The most viscerally painful critique I received was from my PhD advisor in a high-stakes, high-reward meeting before my defense. She’d reviewed my 320-page, 466-footnote project. She had much to say.
I, of course, wanted to be showered with praise. I also wanted appreciation for the years of work I had put in. I wanted approval that would not only validate my efforts, but would also free me from this project, which felt more like a boulder than a millstone around my neck.
Perhaps you won’t be surprised to hear that I didn’t receive anything like the praise I sought. Instead, my advisor was outraged that I hadn’t adequately cited her influence. Then, she picked apart my argument, piece by piece, pointing out its every weakness and dismantling, theoretically and conceptually, the logic of its overarching structure.
I was annoyed. Then incensed. Then devastated. I was also embarrassed—embarrassed that my work hadn’t garnered her approval and embarrassed to realize that I wanted that approval so badly.
Today, more than ten years on, a major part of my work includes participating in similarly high-stakes, high-rewards conversations about high-commitment projects. I’m frequently the critic, but my work is also often the object of judgment. I still wonder: Why is it so hard to hear critique?
I’ve come to feel that critique hurts for a variety of reasons: It hurts because it mimics our inner doubts and insecurities. It hurts because it indicates rejection from a group we seek to join. Critique also communicates a strong signal that we must return to something that we long to release. It’s a painful indication that despite our efforts we haven’t achieved our aims.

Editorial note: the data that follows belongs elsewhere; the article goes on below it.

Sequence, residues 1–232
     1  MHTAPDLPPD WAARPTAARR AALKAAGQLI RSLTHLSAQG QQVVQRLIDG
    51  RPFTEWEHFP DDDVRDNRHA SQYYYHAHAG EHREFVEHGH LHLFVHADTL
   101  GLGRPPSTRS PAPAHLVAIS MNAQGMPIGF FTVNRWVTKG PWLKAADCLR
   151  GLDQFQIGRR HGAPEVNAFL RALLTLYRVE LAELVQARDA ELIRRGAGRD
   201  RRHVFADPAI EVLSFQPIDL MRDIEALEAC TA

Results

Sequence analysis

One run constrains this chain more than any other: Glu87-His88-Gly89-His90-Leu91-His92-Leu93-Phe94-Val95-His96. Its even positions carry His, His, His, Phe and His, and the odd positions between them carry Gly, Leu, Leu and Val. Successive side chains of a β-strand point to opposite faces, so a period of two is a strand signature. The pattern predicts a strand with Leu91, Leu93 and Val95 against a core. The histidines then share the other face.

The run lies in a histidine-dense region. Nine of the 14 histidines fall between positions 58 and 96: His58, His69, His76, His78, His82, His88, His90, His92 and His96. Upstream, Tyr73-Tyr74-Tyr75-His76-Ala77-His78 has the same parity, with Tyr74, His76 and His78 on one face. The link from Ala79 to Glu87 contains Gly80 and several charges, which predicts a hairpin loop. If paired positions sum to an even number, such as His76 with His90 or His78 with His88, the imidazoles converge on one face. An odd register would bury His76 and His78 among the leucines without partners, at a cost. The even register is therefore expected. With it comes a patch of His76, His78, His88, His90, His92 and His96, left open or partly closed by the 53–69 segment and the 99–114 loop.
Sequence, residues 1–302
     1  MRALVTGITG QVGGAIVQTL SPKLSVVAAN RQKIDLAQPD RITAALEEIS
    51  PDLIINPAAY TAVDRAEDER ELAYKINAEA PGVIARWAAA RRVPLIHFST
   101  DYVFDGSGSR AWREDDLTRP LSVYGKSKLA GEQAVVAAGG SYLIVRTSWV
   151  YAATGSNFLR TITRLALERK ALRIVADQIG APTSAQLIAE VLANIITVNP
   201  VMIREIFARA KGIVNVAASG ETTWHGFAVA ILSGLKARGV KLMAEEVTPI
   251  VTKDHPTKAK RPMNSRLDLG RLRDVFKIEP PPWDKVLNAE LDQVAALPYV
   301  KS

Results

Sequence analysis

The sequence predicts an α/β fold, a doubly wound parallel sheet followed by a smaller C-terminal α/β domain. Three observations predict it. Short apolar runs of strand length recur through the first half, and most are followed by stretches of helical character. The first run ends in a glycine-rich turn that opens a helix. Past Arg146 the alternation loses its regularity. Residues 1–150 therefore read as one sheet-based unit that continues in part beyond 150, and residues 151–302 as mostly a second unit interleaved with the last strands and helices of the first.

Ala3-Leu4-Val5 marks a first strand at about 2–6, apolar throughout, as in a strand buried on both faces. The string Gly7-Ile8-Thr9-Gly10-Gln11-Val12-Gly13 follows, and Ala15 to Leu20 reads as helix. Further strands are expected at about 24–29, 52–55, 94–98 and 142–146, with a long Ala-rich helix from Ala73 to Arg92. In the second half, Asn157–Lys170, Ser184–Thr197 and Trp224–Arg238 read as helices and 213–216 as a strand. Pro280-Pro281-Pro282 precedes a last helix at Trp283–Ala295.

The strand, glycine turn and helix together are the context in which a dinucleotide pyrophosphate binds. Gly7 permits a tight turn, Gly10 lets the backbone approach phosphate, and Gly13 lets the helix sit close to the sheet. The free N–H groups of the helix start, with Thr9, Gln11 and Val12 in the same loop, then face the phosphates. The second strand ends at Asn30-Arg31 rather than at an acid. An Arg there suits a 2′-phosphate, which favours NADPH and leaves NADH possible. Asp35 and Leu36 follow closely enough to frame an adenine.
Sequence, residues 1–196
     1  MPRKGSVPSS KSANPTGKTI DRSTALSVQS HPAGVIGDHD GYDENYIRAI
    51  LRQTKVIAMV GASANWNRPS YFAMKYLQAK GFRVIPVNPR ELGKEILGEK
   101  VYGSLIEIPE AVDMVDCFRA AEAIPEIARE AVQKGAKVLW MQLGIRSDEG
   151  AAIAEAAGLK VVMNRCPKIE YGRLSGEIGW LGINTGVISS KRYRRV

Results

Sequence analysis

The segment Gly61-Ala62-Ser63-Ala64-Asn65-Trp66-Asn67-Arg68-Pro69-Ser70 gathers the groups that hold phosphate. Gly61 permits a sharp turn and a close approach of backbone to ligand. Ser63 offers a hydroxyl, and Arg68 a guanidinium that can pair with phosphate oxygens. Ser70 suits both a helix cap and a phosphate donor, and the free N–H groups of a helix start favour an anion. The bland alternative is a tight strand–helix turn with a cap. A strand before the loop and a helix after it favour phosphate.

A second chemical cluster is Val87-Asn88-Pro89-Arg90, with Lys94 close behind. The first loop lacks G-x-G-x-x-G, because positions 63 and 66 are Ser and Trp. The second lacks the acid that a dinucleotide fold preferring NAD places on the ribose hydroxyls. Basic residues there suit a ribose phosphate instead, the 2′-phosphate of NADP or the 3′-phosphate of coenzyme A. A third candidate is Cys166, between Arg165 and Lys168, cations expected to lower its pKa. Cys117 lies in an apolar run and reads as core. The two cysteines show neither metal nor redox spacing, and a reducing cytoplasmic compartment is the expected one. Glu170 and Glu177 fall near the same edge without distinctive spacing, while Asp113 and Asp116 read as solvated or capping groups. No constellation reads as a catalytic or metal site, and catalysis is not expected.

I haven’t learned to lessen the quick sting of critique, but I’ve learned something more important: I’ve learned to see critique not as evidence of universal disappointment but as an invitation to collaboration. It may not be gentle, thoughtful, or even particularly well-meant, but critique frequently identifies problems and offers ideas that can make my ideas better.
Luckily, learning to view critique as collaboration isn’t a perspective shift that requires ten years to make. I believe I learned it back then, after the hurt of my advisor’s words subsided. When I felt capable of opening up my document yet again, I applied many of her suggestions. I ripped apart the garment I had spent years weaving, then pieced it into something new. It actually didn’t take nearly as long as I had feared, and once I was finished, I experienced the relief of utter rightness. The project was not only in better shape, but it had finally, finally achieved the form I’d been aiming at all along.
Since then, I’ve had the opportunity to feel the pain of critique many, many times. It still hurts, but now I consider it an invitation to collaboration. When I accept, my projects benefit.